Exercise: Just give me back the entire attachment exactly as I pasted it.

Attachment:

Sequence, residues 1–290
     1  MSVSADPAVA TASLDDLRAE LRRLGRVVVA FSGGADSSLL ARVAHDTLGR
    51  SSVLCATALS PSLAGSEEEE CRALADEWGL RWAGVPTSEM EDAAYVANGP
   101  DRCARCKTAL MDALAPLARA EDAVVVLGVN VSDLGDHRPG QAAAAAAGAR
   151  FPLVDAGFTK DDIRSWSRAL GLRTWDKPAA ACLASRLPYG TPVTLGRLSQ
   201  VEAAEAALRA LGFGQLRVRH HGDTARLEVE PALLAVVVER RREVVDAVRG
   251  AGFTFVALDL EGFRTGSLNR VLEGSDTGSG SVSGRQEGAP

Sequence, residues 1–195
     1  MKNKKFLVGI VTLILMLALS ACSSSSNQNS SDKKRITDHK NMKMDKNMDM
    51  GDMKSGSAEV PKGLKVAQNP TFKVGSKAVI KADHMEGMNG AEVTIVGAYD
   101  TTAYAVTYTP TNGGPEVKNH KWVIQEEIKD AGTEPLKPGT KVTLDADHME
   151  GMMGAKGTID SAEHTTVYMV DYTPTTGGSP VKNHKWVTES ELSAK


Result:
Sequence, residues 1–290
     1  MSVSADPAVA TASLDDLRAE LRRLGRVVVA FSGGADSSLL ARVAHDTLGR
    51  SSVLCATALS PSLAGSEEEE CRALADEWGL RWAGVPTSEM EDAAYVANGP
   101  DRCARCKTAL MDALAPLARA EDAVVVLGVN VSDLGDHRPG QAAAAAAGAR
   151  FPLVDAGFTK DDIRSWSRAL GLRTWDKPAA ACLASRLPYG TPVTLGRLSQ
   201  VEAAEAALRA LGFGQLRVRH HGDTARLEVE PALLAVVVER RREVVDAVRG
   251  AGFTFVALDL EGFRTGSLNR VLEGSDTGSG SVSGRQEGAP

Sequence, residues 1–195
     1  MKNKKFLVGI VTLILMLALS ACSSSSNQNS SDKKRITDHK NMKMDKNMDM
    51  GDMKSGSAEV PKGLKVAQNP TFKVGSKAVI KADHMEGMNG AEVTIVGAYD
   101  TTAYAVTYTP TNGGPEVKNH KWVIQEEIKD AGTEPLKPGT KVTLDADHME
   151  GMMGAKGTID SAEHTTVYMV DYTPTTGGSP VKNHKWVTES ELSAK